Well the iPhone is set to hit the streets this Friday, and the first reports are rolling in. Walt Mossberg from the Wall Street Journal weighs in with his opinion after some extended test time (including a video). He found the lack of any hardware keys to make the interface cumbersome (such as having to switch back to the music player to skip through a song), you have to switch ‘keyboards’ to insert punctuation, and there is NO way to cut/paste text. There is also no way to purchase songs on iTunes directly from the phone itself.
Some of the bigger deal breakers for me is the slow data network, so when you’re not near an open WiFi spot, you are stuck using EDGE. Also, there are no IM programs at all – something I find I use the most on my PDA phone. And because development for the iPhone will be closed, don’t expect this to ever change, unless Apple comes up with an MSN Messenger competitor (which reminds me – forget about ever using Skype with the iPhone, something a lot of Windows Mobile users enjoy for cheap long distance on their mobile phones).
The biggest deal breaker of them all is the fact that you HAVE to sign up with AT&T, so not only to you have to drop down $500-600 for an iPhone, you will be stuck with that carrier for a minimum of 2 years (something that is usually worth $200-300 in phone credit from most carriers, so in effect you are paying $800-900 for an iPhone). It gets worse though; the cheapest plan that can be used costs $60 per month. This includes 450 minutes of talk time, 200 text messages, and unlimited data transfer (on the crappy 2G EDGE network, which makes this less of a deal). To compare, I’d pay about $40 USD per month for 600 minutes of talk time (and an extra 600 minutes of intra-network talk time), unlimited SMS, and 30 MB of blazing fast 3G data transfer per month in Hong Kong.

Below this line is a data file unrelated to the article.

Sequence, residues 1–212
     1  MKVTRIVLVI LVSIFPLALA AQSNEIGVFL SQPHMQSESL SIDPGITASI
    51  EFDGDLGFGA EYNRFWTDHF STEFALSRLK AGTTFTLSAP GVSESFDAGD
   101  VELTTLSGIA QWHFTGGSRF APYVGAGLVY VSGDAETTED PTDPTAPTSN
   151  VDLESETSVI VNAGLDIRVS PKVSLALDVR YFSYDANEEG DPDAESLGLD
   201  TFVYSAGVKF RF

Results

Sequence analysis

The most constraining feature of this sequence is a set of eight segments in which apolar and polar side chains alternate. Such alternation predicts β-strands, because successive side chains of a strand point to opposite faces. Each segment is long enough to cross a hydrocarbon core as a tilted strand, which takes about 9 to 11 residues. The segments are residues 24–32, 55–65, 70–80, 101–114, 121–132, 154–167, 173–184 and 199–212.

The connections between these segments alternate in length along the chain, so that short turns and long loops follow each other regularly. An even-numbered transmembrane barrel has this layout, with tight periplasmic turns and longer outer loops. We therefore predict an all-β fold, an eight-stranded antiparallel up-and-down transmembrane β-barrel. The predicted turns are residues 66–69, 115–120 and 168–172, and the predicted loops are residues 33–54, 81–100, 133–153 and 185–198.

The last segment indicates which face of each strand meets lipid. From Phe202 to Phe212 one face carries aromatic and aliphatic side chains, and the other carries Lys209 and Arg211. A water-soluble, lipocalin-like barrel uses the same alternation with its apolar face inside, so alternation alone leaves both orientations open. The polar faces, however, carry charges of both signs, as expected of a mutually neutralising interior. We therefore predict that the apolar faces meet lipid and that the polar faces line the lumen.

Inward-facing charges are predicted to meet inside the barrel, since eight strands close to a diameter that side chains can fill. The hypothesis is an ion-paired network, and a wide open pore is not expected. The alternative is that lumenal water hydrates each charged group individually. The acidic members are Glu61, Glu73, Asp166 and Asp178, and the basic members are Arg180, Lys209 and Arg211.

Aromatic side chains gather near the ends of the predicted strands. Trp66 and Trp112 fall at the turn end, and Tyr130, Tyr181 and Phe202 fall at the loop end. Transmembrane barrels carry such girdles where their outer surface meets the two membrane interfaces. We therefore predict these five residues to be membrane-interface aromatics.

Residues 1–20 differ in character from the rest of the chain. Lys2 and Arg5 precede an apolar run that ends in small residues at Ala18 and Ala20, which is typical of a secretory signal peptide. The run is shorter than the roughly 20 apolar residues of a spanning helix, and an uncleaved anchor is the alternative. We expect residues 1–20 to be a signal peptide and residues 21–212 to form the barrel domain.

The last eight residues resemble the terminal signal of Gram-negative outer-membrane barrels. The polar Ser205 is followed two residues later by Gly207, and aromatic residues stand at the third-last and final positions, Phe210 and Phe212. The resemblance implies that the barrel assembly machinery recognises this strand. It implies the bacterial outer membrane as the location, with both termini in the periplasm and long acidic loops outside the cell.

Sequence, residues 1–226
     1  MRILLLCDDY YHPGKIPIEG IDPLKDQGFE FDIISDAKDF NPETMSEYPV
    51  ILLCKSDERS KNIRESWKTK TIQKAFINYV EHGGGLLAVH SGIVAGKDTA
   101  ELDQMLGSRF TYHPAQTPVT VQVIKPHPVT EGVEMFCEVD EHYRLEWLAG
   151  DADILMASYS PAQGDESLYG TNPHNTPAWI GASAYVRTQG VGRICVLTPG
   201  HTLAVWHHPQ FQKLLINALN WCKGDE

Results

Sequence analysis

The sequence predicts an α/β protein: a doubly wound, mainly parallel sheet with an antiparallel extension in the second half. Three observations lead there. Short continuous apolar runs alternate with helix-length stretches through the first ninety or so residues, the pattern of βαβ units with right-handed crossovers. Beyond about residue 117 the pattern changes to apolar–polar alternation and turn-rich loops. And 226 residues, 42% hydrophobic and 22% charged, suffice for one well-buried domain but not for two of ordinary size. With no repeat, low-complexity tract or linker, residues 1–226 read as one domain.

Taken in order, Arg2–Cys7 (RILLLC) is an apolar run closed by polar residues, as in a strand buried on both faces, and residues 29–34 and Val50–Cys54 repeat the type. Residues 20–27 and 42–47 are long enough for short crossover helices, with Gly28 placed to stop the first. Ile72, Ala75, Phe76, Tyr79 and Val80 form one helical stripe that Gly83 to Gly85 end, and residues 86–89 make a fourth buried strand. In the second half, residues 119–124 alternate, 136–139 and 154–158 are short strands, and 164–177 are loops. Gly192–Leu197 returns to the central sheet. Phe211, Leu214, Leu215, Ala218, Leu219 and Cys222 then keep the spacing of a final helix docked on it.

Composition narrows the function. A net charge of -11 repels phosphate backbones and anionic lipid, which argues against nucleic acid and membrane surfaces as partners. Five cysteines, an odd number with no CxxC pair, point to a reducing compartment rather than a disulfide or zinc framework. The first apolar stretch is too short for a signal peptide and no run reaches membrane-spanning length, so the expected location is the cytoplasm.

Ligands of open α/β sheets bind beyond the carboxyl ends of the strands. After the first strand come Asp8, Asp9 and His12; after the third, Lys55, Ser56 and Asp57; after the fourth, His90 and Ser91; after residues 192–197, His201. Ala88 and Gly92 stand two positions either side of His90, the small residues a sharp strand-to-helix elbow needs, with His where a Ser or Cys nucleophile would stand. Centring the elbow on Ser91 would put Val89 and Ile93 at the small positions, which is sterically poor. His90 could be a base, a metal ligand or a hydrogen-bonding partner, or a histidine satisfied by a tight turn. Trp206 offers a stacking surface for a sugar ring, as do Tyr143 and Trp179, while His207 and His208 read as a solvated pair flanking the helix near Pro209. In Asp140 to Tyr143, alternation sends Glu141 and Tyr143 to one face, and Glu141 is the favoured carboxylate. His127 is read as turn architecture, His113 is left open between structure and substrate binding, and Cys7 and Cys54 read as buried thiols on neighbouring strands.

Granted, the iPhone probably set expectations that it could never meet. But having to sign to a crappy contract for 2 years (and it’s almost impossible to keep your current phone number if you decide to switch, by some reports) which itself is worth at least $300 makes the iPhone seem just plain silly right now. When they come up with an unlocked version that can be used with any GSM network, it might be worth looking at. But until then, only die-hard Apple fans (of which there are many) should even bother considering it (and they will in droves).[via Tech Report]